A recent article by Dr. Leung at the Chinese University of Hong Kong reported that drinking black tea has benefits equal to those of drinking green tea in terms of their antioxidant capacities – briefly, this is because theaflavins present in black tea possess at least the same antioxidant potency as catechins present in green tea.

As reported in related studies, it is clear that a group of theaflavins (TF) in black tea, specifically theaflavin-3,3′-digallate (TF3), has strong antioxidant activity similar to (-)-epigallocatechin gallate (EGCG), which is a major antioxidant in green tea.

However, the concentration of diverse antioxidants in the different teas should be first considered before drawing any conclusions about overall health benefits of teas.

In several studies, the total concentration of antioxidants in green tea and black tea were tested – for example, in a study from Cornell University, black and green teas contained total phenols equal to 124 and 165 mg gallic acid (an antioxidant measurement standard), respectively. Moreover, those same researchers found that the antioxidant capacity per serving of green tea (436 mg vitamin C equivalents) was much higher than that of black tea (239 mg).

Therefore, we must conclude that green tea has more health benefits than an equal volume of black tea in terms of antioxidant capacity.

Ok ok, but what about the TASTE?!

Let’s be honest – the recent surge of health food products may help lengthen our lifespan, but they don’t do much in terms of stimulating our taste buds. Put plainly, the taste of green tea for some folks is a major turn off – on the other hand, some don’t mind the taste of green tea initially, but then find the ‘grassy’ aftertaste to be unpleasant.

On the contrary, black tea tasting ‘sweeter’ and it being more pleasantly smelling is commonly accepted, at least in Western culture – conversely, in China and many Eastern countries, the taste of green tea is preferred to black tea. However, black tea is the most consumed type of tea world-wide – therefore, if it is a consumption numbers match-up, black tea wins it.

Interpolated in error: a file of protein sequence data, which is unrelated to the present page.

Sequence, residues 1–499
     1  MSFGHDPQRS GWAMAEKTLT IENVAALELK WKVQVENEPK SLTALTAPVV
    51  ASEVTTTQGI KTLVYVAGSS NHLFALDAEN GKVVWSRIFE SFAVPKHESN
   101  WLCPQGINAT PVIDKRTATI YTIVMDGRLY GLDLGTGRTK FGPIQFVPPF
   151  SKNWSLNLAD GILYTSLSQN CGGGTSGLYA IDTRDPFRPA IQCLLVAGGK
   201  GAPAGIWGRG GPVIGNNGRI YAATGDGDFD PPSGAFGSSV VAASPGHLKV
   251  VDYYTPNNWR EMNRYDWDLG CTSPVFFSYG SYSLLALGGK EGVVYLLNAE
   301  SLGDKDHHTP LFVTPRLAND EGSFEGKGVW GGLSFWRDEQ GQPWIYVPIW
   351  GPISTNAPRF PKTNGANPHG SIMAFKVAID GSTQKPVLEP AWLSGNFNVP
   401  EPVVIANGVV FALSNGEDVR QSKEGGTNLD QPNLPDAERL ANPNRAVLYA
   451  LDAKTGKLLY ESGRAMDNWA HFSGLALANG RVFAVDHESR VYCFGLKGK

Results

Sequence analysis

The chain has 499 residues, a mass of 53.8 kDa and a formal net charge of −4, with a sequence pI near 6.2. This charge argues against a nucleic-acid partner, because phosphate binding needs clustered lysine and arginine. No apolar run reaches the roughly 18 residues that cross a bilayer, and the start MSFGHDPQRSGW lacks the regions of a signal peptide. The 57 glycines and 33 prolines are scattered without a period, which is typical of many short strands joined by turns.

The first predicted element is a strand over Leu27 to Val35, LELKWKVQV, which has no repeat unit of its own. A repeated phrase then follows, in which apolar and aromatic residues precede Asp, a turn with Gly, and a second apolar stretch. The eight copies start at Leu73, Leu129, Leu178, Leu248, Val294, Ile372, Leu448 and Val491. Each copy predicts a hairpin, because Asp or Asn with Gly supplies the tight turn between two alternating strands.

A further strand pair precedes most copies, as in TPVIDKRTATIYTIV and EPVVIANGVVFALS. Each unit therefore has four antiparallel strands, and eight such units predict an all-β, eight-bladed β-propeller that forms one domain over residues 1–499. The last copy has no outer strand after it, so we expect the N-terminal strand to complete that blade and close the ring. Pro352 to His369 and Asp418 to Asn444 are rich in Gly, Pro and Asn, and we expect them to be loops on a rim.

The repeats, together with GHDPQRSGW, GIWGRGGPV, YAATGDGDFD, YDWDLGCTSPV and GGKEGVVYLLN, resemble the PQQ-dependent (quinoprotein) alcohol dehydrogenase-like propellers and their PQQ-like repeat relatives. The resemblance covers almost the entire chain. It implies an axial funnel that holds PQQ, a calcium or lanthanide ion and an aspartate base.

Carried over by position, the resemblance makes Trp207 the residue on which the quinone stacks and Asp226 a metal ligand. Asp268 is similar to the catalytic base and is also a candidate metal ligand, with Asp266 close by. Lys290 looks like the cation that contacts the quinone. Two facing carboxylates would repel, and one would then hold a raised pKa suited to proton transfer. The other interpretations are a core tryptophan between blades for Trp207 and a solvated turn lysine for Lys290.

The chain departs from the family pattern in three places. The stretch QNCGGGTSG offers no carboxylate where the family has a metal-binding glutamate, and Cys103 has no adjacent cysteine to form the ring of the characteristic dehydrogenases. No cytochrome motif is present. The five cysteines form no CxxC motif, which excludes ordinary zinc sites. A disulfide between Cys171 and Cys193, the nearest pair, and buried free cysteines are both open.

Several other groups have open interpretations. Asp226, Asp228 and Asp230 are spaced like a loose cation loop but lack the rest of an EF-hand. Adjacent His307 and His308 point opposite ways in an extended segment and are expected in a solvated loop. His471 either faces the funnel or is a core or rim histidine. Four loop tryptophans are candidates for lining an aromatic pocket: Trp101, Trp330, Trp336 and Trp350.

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Black Tea and Cancer Prevention

Posted by Susan Lutfallah on June 6, 2009

The U.S. Department of Agriculture recently conducted a study which adds to the growing body of evidence that compounds found in both green and black tea have strong anticancer properties on tumours. In fact, the results, which are published in the Journal of the Agricultural and Food Chemistry, suggest that consumers may benefit more by drinking both green and black tea together!

During the study, nine green tea catechins, three black tea theaflavins, and theanine – extracted using either water or a water/ethanol mix – were used on human cancer cells and normal cells.

The majority of the compounds, and all general tea extracts, reduced human breast, colon, liver and prostate cancer cells.

The water/ethanol extracts were found to contain higher levels of flavonoids and kill more cancer cells – because all of the compounds were most effective when used together (a phenomenon known as ‘synergism’), the researchers recommended that consumers drink both green and black teas mixed together!

Moreover, studies done at Rutgers University reveal that black tea may help prevent stomach, prostate, and breast cancer – again, the scientists confirmed that it is the compounds known as thearubigins and theaflavins which may slow down cancer growth. Dr. Kuang Yu Chen and his team at Rutgers argued that some of the cancer cells were undergoing programmed cell death (apoptosis), which seemed to be induced by the thearubigins and theaflavins found in black tea.

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Black Tea and Tooth Decay

Posted by Susan Lutfallah on June 6, 2009